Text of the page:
Soul of China

Li Si, prime minister through the ages

It is really amazing and exciting to uncover that among the eight sculptures of world-famous jurists at the Old Senate Session Hall in Manila was one of Li Si (李斯), famous Chinese legalist and prime minister in the Qin (秦) Dynasty (221-207 BC).

The other seven were Pope Leo XIII, the intellectual pope who helped lay the church’s position in modernity; William Blackstone, an 18th century English judge who published a famous treatise on laws; Hugo Grotius, a 17th century Dutch jurist; Justinian the Great, whose rewriting of Roman law became the basis for modern civil law; Woodrow Wilson, the president of the United States from 1913 to 1921; Charlemagne, who helped lay the foundation of Western European culture and modern government; and Manu Needhi Cholan, a legendary Indian king considered a symbol of justice and fairness.

These details are found in Santiago Abano Pilar’s coffee-table book The Life and Art of Isabelo Tampinco (Vibal Foundation and National Museum, 2014). The sculpture of Li Si and those of the other seven jurists were the works of the great sculptor Isabelo Tampinco (1850-1933) and his sons Angel and Vidal. Tampinco was a Chinese mestizo born in Binondo. We will have more on him in the future. For now, we focus on Li Si to give people an idea why he occupied a place in the pantheon of renowned jurists at the Old Senate Session Hall.

Li Si (280-208 BC) was a native of Shang Cai (上蔡) of State Chu (楚) – what is now Henan province) – during the Warring States period (475 -221 BC). A famous statesman, literati and calligraphist, he would be honored as 千古一相 (the prime minister through the ages).
Li Si started as a low-ranking municipal official. He studied the art of governing under the famous legalist scholar Xun Zi (荀子).
But after he accomplished his studies, he realized that the king of State Chu couldn’t do something worthwhile. So he decided to go west to State Qin (秦), hoping to make a difference.

Before he left, Li Si bade his mentor farewell. At the time, the King of Qin was harboring the ambition of annexing other states in a bid to become the emperor of the whole of China. It was the perfect opportunity for a layman intellectual like Li Si to give full play of one’s talent. He declared: “The greatest insult for people on earth is to be too content with one’s low position, and the greatest pity is to be too content with one’s poor condition.” The king of Qin was open-minded. He willingly accommodated worthy personages and adopted their advice and suggestions, including Li Si’s.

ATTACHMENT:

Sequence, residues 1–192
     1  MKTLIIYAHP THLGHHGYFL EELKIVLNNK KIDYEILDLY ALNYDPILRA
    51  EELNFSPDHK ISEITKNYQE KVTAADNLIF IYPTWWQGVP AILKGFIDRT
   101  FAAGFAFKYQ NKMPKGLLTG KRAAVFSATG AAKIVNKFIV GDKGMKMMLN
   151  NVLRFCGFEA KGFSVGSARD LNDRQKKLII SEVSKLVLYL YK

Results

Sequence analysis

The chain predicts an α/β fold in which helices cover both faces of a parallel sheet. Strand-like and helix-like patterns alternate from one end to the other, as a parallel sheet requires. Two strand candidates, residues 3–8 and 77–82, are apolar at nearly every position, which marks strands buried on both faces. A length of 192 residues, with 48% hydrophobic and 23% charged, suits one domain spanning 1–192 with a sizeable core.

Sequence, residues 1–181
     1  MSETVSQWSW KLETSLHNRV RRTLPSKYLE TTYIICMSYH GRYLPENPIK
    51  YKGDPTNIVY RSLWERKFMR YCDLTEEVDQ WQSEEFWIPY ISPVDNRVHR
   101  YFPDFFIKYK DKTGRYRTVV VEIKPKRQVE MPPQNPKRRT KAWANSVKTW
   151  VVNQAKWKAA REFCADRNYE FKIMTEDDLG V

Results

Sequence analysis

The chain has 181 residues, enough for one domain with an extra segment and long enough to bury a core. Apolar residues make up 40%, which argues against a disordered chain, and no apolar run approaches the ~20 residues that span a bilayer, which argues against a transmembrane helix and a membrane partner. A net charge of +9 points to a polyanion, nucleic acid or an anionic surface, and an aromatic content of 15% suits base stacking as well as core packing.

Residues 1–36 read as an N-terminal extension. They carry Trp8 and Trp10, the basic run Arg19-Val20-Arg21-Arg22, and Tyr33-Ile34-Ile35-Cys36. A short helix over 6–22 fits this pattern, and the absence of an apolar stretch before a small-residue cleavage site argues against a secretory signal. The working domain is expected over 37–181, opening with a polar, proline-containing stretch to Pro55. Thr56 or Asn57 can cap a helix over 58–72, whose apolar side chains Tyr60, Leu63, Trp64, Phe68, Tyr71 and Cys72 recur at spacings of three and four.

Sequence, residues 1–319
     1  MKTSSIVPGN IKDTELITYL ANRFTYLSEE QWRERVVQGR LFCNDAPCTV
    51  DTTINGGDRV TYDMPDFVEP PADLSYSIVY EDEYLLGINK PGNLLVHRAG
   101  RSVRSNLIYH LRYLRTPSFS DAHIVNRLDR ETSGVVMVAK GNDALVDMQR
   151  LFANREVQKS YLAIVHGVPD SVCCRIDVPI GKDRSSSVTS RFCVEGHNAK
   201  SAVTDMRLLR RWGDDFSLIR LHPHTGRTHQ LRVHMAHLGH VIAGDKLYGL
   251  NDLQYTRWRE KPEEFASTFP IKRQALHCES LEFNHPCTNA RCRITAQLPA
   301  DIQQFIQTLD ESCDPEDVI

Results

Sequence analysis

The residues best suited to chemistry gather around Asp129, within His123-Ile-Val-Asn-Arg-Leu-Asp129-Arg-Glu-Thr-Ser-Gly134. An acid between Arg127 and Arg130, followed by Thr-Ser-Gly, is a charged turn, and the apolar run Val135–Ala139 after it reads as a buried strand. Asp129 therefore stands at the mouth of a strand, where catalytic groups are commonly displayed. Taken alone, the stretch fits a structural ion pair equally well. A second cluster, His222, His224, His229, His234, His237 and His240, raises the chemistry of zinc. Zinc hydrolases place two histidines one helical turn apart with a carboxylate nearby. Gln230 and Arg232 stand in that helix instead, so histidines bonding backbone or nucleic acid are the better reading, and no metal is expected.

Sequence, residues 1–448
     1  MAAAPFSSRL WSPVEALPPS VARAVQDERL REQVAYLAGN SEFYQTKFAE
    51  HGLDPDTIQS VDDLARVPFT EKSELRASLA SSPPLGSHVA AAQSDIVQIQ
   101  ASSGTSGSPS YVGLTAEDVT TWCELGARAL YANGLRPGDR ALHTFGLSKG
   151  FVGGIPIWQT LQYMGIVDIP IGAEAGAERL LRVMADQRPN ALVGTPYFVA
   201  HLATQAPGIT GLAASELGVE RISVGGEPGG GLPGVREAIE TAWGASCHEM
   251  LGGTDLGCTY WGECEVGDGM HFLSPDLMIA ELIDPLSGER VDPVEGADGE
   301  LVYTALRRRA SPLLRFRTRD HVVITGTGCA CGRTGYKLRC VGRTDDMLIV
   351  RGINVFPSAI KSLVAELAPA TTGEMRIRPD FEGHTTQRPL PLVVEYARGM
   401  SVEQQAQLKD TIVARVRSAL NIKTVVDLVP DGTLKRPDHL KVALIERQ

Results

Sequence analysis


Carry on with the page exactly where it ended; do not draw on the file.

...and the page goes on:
One of the schemes Li Si suggested was for the king to send advisers to the other six states of Warring States Period to lobby their kings in order to sow discord and drive a wedge between the kings and ministers of those states and set one against another. In short, divide and conquer. As reward, Li Si was appointed guest minister of the king.

Before long, a minister of Qin royal court advised the king to expel all the guest ministers for different states, insinuating that they were lobbyists of other states’ kings to sabotage the Qin state. A guest minister himself, Li Si did not escape suspicion. He wrote the king to remonstrate with him not to expel the guest ministers with the following excellent explanation: “Tai Mountan (泰山) doesn’t let go its soil, that is why it became high; rivers and seas do not choose small creeks, that is why they become deep; products not produced in Qin, many are treasures; scholars who grew up in Qin, a lot are loyal.”

He enumerated the great contributions of guest ministers to Qin and warned the king that were he to expel them, it would be lending army to the enemy, giving provisions to big states, which would weaken itself internally and make enemies externally.
Heeding Li Si’s advice, the king decided against issuing the expulsion order and retained Li Si as his guest minister.

With Li Si’s help, the King of Qin not only was able to unify China but he also became the first great emperor of China – Qin Shi Huang (秦始皇). Li Si helped the emperor enact laws that abolished the system of enfeoffment (persons were given land in exchange for a pledge of service), established administrative local government system, and strengthened the unitary authoritarian government system that unified China as well as its writing and measuring systems.

He became the prime minister of the first great Chinese emperor and was honored as the prime minister through the ages.
No wonder Li Si was similarly honored in the Philippines!